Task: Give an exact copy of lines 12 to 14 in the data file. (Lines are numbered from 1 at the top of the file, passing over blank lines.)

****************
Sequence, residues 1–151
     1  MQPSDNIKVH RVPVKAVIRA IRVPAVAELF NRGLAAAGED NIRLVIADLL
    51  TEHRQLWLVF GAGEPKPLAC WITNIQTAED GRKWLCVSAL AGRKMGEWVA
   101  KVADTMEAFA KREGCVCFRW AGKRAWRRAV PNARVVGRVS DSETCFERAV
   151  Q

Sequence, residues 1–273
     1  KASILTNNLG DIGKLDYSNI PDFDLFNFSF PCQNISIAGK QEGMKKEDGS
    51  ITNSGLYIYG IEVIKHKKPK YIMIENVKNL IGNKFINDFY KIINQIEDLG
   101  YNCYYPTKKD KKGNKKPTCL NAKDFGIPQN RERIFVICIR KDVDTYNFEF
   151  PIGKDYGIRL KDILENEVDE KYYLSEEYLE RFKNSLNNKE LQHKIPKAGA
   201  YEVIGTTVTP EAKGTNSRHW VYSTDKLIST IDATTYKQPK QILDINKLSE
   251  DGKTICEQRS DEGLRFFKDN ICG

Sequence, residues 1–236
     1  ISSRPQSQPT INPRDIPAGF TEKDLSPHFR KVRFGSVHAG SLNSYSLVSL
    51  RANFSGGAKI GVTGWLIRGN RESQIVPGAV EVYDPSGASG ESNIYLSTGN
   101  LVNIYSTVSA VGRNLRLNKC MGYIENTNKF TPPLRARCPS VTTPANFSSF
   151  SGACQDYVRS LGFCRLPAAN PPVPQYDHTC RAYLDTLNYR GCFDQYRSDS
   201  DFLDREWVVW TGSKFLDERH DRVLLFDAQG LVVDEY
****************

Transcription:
   251  DGKTICEQRS DEGLRFFKDN ICG

Sequence, residues 1–236
     1  ISSRPQSQPT INPRDIPAGF TEKDLSPHFR KVRFGSVHAG SLNSYSLVSL